A Unique Location
Εξερευνώντας τον απόλυτο τουριστικό και καλοκαιρινό προορισμό της Κύπρου θα ανακαλύψετε μερικές άγνωστες πτυχές της και σημεία που θα σας ενθουσιάσουν, θα σας εκπλήξουν και θα σας κάνουν να μάθετε περισσότερα για την αγαπημένη όλων μας Αγία Νάπα.
Located east of Agia Napa and southeast of Protaras, the beautiful and protected National Forest Park and conservation area of Cape Gkreko is a Natura 2000 site that unfolds across 385 hectares of stunning, unspoiled natural landscape. The park incorporates a network of nature trails – lined with Calabrian pine trees and Phoenician junipers – as well as specialist cycling paths, with benches along the way. The two kilometres Aphrodite Nature Trail runs through the southeast coast of the Cape Gkreko promontory, and is part of the Aphrodite Cultural Route that commemorates the island’s link with the Ancient Greek Goddess. Rich in indigenous fauna and flora, approximately 400 different plant species grow in Cape Gkreko. Out of these, 14 are endemic, and another 14 are extremely rare.
The general views from the limestone sea cliffs are spectacular and overlook the crystal clear waters of the region. The area is also highly popular for diving and boat trips to the many caves, where an underwater world awaits discovery. The tiny, whitewashed church of Agioi Anargyroi is also a lovely place to visit, with steps that lead down to a cave by the sea.
Thalassa Ayia Napa Museum
Named after the Greek word for ‘sea’ – the Thalassa Museum was created to promote awareness of the marine heritage of Cyprus from prehistoric times to the present, and is a modern, interactive museum, housed in a multi¬purpose cultural centre. Pride of place among the exhibits is a life¬size replica of the famous 4th century Greek trading ship ‘Keryneia II’ that sank off the coast of Keryneia around the year 300 BC.
Due to the museum’s design, the ship can be viewed from different levels, including a birds¬eye view – as can the other exhibits, that include pottery and other antiquities. Housed in the basement is a marine life section with various exhibits, from fish and sea mammals to crustaceans, corals, shells and fossils – some dating back 130 million years ago. The museum also functions as an arts exhibition centre, as well as a multipurpose hall for a variety of events and conferences.
Ayia Napa Sculpture Park / Park of Mediterranean Plants, Cacti and Succulents
Located at the crossroads of Cape Gkreko and Kryou Nerou Avenue, the 20.000 square metres sculpture park and its adjoining cactus park offer a beautiful setting for a stroll with stunning, panoramic views, and benches along the way. The sculpture park consists of a large collection of pieces by over 50 artists from around the world who have participated in the annual Sculpture Symposium held by Agia Napa Municipality.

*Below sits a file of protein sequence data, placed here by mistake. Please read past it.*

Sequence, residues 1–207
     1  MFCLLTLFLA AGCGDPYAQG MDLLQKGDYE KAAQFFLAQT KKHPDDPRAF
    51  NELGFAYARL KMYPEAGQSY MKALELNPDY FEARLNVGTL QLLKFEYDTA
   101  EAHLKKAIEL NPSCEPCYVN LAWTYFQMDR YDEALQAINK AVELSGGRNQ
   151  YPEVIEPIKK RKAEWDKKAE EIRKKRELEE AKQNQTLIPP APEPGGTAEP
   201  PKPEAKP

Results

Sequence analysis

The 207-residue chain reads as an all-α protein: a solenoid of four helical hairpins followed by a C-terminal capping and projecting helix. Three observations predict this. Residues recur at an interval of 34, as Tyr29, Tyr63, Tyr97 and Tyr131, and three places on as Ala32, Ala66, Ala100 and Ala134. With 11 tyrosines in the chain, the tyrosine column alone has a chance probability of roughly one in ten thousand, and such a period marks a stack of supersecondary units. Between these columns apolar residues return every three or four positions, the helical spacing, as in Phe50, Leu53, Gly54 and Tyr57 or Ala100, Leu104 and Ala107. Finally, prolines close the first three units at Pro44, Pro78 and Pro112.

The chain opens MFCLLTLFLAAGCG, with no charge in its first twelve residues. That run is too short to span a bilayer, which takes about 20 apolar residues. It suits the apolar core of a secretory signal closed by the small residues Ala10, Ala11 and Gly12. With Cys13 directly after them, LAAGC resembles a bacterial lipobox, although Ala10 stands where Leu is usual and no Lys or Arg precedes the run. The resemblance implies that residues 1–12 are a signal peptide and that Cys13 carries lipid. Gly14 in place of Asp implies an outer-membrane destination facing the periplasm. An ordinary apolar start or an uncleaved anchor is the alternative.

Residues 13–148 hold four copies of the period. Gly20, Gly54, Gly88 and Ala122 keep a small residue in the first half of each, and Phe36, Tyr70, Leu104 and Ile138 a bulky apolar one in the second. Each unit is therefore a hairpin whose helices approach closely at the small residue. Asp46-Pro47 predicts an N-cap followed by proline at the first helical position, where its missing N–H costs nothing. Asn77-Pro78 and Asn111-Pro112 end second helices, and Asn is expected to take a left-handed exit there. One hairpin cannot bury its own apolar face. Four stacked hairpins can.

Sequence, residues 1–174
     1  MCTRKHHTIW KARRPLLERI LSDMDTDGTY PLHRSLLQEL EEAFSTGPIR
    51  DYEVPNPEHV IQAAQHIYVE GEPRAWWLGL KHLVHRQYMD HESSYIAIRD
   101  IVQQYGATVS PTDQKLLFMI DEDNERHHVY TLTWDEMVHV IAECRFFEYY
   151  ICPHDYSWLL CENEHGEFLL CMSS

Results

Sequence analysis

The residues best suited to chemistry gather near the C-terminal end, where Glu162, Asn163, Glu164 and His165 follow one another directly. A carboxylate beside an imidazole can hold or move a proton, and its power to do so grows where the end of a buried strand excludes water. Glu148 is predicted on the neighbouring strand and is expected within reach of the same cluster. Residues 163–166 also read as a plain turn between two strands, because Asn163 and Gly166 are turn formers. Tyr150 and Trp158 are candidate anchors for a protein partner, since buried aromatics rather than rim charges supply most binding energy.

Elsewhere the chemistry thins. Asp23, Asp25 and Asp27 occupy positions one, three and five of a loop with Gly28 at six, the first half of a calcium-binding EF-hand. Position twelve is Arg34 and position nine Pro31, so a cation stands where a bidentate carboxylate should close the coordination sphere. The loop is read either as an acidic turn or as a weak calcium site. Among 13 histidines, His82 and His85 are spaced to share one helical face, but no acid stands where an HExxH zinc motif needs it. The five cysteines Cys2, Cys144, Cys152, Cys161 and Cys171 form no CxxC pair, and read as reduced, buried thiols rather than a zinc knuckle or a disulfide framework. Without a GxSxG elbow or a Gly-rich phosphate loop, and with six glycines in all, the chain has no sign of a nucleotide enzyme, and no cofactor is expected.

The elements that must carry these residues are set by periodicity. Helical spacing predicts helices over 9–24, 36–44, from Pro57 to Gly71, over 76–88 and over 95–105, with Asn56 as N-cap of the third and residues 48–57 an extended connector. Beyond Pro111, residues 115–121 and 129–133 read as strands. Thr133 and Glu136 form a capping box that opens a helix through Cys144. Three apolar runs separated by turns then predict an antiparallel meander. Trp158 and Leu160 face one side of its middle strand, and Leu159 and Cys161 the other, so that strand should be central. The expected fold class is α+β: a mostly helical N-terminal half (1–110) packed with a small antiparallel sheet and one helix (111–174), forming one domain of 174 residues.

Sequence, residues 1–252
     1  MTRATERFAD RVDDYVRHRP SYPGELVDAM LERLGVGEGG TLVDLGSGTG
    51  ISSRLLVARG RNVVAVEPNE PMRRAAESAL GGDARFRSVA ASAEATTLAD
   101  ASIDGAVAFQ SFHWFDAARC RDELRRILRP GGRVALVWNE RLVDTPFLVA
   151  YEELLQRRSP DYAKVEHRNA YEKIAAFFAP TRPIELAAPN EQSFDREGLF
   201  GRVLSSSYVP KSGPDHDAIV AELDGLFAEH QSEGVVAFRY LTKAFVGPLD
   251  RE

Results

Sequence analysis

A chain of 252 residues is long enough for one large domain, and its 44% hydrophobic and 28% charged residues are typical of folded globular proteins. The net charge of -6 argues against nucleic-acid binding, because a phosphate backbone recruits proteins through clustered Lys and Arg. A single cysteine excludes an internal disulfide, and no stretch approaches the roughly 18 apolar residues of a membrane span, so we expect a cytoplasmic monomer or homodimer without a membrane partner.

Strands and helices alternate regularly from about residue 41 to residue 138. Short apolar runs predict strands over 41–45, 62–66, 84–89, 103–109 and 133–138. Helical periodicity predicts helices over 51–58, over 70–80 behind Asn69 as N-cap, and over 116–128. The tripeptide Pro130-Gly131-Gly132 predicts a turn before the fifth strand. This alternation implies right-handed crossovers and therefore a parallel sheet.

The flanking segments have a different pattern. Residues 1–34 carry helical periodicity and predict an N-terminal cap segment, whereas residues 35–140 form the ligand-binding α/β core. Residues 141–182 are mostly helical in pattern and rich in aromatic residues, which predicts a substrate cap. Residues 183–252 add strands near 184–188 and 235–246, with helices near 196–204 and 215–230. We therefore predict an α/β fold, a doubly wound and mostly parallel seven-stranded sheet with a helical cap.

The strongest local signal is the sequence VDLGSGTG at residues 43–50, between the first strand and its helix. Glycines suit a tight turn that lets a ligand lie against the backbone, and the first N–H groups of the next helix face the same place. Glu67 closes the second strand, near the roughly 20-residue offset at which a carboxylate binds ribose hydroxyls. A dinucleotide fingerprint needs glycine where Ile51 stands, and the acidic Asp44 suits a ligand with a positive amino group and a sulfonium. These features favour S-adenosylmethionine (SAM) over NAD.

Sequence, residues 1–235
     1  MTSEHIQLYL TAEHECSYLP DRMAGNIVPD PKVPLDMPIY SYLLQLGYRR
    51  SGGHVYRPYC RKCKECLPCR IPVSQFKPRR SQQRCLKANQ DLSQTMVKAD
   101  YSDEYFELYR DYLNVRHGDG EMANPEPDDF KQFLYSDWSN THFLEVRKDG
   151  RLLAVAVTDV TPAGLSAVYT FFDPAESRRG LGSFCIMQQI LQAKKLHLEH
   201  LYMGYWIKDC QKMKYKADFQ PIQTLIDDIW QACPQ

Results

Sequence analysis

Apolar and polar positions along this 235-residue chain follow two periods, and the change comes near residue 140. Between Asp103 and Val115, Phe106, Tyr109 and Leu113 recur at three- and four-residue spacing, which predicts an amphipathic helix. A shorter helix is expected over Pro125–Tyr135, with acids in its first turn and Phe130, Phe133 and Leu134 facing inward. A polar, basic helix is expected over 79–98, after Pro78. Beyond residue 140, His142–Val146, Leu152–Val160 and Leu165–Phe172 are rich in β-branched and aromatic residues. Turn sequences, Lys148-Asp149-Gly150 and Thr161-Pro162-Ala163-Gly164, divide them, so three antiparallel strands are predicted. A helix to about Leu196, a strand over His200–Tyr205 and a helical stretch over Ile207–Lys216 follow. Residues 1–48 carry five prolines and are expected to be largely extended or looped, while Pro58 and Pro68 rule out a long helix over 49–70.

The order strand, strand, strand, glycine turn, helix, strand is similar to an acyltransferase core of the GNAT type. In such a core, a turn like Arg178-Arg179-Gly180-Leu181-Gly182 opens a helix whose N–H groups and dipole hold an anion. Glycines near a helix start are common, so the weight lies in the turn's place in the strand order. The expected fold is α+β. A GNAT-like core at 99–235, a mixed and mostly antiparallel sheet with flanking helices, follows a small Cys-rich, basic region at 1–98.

The expansion of the collection is an ongoing project that is continually being added to, and in 2015, artists from around the world created their sculptures on-site over a period of three weeks, turning the park into an open-air workshop. The Park of Mediterranean Plants, Cacti and Succulents is an extension of the sculpture park and is also an ongoing project to showcase the various cacti and dried plant varieties of the island.
The Farm House
Get acquainted wich Cypriot tradition and visit the farmhouse in the Monastery Square. The farmhouse symbolises the nostalgic rural traditions of Agia Napa’s past in authentic reconstruction.
The Farmhouse is an excellent insight into the peasant farmer’s simplistic life and his special relationship with the land. The home was the focal point of the farmer’s activities. It was therefore arranged in such a way that served his every need. On the plains, the farmhouse was built of mud-bricks with a big yard and high fence. The houses were single-storey and sometimes two-storey. Their main features were the arches and the large veranda at the front. The spacious double rooms were furnished and decorated with the farmer’s wife’s furniture and utensils; the loom in one corner, the carved cupboards, the consoles, and the high bed with embroidered bedspreads and ornamental plates. In the yard there was the oven, the thread-wheel for water and the plouth.
Apart from working in the fields, the farmer’s wife worked in the house, weaving cloth to clothe her husband and children. She also prepared food and drink for her family. Cypriot women prepared zivania, trahanas, halloumi, soutzioukkos, raisins, must (new wine) and vinegar. Rural life it was a different world from what most of us know today, but here in Cyprus the visitors will notice that many of our rural traditions still continue today. Rural life, as it was, is fully reconstructed at Farmhouse at Agia Napa Festival the last week of September every year.
Medieval Monastery of Agia Napa
The charming Medieval Monastery of Agia Napa stands in the middle of the village and was built in the form of a Medieval Castle around 1500 AD.
The monastery is partially built underground and cut into the rock, surrounded by a high wall. It is dedicated to ‘Our Lady of the Forests’, with the name coming from the Ancient Greek word for wooded valley (‘Napa’) as a result of the area’s past topography.
The monastery was restored in 1950 and in 1978 became an Ecumenical Conference Centre, serving churches in Cyprus and the Middle East. After the re-establishment of the Holy Metropolis Constantia Ammochostos (Famagusta) in 2007, the monastery came under the administration of the Metropolis. A new church – also dedicated to the Virgin Mary – was built in 1994, south west of the monastery. The ancient sycamore tree in front of the south gate is believed to be over 600 years old.